Category Archives: Open Data

FlyBase Revisited: Ensuring Data Access

Figure 1. The FlyBase website provides powerful search capabilities across fruit fly linked-data. Their current plight, due to reduction in funding, highlights the issue of how to ensure data access.

Yesterday while reading the new research paper on the fully imaged female fruit fly brain (see Largest Brain Comprehensively Imaged at Nanoscale Resolution), I thought back to blog posts I wrote about seven years ago on fruit fly online data repositories, ontologies, and atlases (see “Related blog posts” below).

The FlyBase Consortium has been a pioneering organization behind FlyBase and the Virtual Fly Brain; a linked-data repository and visual atlas respectively. They provide a powerful toolset to use with the complete set of fruit fly brain images taken at electron microscope resolution recently released to the public domain. And, in fact, the new data appear to be getting incorporated into release 2 of the Virtual Fly Brain (now in beta testing).

Possibilities were bubbling in my mind as I loaded FlyBase. Bubbles froze in mid-mind as my retina relayed the image above (Figure 1) to my cortex. Tools and data repositories we love and depend on may, at any time, become difficult to access or disappear entirely. Any number of factors may be behind restrictions or shutdowns including loss of funding, the retirement of a repository advocate, or a government deciding they should be proprietary.

The people at FlyBase clearly had no alternative but to turn to fee-based access to keep their service online. Our global scientific community should seek a solution that eliminates the need to face this choice and ensures global access to foundational tools and data. Science is a global effort. Scientific data should be included, along with scientific knowledge, in the commons for all humanity.

Related blog posts:

Largest Brain Comprehensively Imaged at Nanoscale Resolution (July 28, 2018).

A Virtual Fly Brain (April 16, 2011).

Viewing the Fly Brain Connectome with Brainbow (February 11, 2011).

How the Brain Works, Flies, and the FlyBase Online Data Repository (November 4, 2010).

ChemNetDB: Fifty Years of Rat Brain Connection and Neurotransmitter Data

Nineteen large scale brain regions (listed) partition a 125 node cerebral connectome in a. Connectomes in b through f each match the color of a neurotransmitter listed at lower right. Figure 1 from “A multi scale cerebral neurochemical connector of the rat brain” published July 3, 2017 in PLOS Biology.

Since the 1960s a lot of scientists have worked very hard, and a lot of rats have given their all, to trace brain connections and their neurotransmitters. Fundamental to understanding how the brain works is to know how it is wired and how the signals are transmitted by those wires. Work reported in a new paper “A multi scale cerebral neurochemical connector of the rat brain” (published July 3, 2017 in PLOS Biology) identified 1,560 original research articles with high quality connectivity data from 36,464 rats from the past 50 years that they transformed into multi scale atlas of rat brain connections and their neurotransmitters.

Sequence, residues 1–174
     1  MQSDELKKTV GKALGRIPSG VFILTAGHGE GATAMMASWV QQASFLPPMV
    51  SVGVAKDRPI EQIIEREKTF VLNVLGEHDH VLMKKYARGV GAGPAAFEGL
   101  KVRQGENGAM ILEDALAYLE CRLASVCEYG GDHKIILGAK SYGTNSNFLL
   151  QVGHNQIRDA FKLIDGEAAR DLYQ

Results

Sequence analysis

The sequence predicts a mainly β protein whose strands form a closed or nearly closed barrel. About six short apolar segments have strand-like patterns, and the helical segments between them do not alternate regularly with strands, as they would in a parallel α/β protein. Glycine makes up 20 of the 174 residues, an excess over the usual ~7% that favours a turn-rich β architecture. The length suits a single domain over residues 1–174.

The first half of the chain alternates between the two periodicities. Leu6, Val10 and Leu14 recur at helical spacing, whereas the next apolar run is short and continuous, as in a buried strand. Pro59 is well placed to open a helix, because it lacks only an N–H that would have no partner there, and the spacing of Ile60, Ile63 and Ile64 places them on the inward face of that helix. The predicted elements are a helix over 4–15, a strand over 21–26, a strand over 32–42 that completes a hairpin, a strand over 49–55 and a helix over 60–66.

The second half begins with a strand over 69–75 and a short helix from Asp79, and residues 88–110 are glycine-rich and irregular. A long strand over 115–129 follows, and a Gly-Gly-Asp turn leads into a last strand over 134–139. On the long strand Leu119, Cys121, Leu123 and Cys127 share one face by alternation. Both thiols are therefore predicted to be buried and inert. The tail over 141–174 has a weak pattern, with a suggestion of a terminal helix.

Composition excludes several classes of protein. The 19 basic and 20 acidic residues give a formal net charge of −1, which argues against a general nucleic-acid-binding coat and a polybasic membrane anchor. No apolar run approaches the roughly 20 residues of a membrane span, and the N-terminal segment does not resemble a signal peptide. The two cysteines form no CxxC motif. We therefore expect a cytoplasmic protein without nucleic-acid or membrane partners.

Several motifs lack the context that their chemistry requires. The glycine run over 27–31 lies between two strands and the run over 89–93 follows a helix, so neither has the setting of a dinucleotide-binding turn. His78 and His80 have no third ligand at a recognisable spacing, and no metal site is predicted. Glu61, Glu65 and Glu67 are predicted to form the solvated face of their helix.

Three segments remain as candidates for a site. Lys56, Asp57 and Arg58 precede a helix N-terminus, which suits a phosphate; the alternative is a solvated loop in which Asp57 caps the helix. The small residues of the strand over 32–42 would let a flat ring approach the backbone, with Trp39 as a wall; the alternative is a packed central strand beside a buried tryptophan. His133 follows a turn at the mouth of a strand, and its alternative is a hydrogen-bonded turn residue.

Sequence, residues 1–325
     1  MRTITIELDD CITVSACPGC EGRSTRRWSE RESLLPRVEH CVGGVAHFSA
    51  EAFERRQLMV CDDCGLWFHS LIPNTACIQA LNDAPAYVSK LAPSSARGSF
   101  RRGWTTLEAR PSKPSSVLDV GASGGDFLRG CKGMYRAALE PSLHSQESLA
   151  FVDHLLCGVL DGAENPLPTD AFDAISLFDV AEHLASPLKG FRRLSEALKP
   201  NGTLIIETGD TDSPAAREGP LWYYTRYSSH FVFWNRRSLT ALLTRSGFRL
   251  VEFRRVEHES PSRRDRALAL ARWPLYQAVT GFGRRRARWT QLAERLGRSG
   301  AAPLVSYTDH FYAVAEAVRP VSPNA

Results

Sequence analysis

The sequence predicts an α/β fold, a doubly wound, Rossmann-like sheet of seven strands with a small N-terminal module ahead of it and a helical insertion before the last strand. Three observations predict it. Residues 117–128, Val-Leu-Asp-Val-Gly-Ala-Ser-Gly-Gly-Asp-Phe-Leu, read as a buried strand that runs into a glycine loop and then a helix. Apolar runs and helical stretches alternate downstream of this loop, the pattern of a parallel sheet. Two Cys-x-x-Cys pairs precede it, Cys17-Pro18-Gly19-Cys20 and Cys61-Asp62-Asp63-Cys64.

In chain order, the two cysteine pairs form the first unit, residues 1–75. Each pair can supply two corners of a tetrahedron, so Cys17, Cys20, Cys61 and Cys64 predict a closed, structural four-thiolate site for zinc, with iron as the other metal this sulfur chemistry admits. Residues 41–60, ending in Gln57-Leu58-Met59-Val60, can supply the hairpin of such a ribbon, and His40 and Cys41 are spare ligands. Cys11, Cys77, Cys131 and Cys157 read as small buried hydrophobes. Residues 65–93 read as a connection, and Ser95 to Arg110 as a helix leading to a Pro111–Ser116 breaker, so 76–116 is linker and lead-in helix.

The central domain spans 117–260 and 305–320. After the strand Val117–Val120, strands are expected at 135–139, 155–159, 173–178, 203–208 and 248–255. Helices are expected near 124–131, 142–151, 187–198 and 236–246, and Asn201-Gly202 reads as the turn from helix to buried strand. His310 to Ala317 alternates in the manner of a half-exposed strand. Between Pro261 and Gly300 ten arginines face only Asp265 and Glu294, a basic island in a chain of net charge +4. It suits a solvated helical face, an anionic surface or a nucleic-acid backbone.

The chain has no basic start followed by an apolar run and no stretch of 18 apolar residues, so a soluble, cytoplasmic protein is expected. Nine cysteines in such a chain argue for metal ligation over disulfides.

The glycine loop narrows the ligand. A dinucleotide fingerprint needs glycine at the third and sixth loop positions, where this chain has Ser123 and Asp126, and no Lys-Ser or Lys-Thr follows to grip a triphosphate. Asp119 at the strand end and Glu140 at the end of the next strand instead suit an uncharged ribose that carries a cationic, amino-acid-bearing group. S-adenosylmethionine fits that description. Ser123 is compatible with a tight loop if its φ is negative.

The authors point to three main features ChemNetDB has over other existing databases. First, they claim that ChemNetDB is the most comprehensive rat connectivity database of the last 50 years of research data currently in existence. Second, they used a transparent, consistent, and validated method to integrate neurochemical information with the connectivity data. And third, they used data from animals of a consistent age along with transparent and consistent terminology.

I was very excited on coming across and reading their paper. However, on visiting the site I was immediately struck by very limited data access. Perhaps there is a data endpoint or an Application Programming Interface (API). To my knowledge, the best you can currently do on the site is to search a brain area or structure and get a list of the areas connecting with that area or structure along with the connection’s neurotransmitters. Or the reverse: you may search on a neurotransmitter. References associated with the connections are displayed.

The authors may have future plans but no hints have been provided. These data would be valuable as part of the rich set of life sciences linked-data available across the Internet. Their rat connectivity data could be associated with with a rat brain anatomy ontology and a huge and growing number of other relevant ontologies and opened up through SPARQL endpoints. Then there would be a world of possibilities!

Using R to Query Biomedical Data Distributed Across the Semantic Web

Figure 1. The Gene Expression Atlas RDF Schema. Image courtesy of EMBL-EBI.